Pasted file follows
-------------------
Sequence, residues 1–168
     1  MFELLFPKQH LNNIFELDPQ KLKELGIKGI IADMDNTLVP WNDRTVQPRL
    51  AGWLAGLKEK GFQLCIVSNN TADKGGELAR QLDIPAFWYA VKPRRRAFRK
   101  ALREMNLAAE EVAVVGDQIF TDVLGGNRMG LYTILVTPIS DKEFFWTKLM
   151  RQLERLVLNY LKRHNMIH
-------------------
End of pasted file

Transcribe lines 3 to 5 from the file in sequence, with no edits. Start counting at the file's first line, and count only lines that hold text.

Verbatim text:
    51  AGWLAGLKEK GFQLCIVSNN TADKGGELAR QLDIPAFWYA VKPRRRAFRK
   101  ALREMNLAAE EVAVVGDQIF TDVLGGNRMG LYTILVTPIS DKEFFWTKLM
   151  RQLERLVLNY LKRHNMIH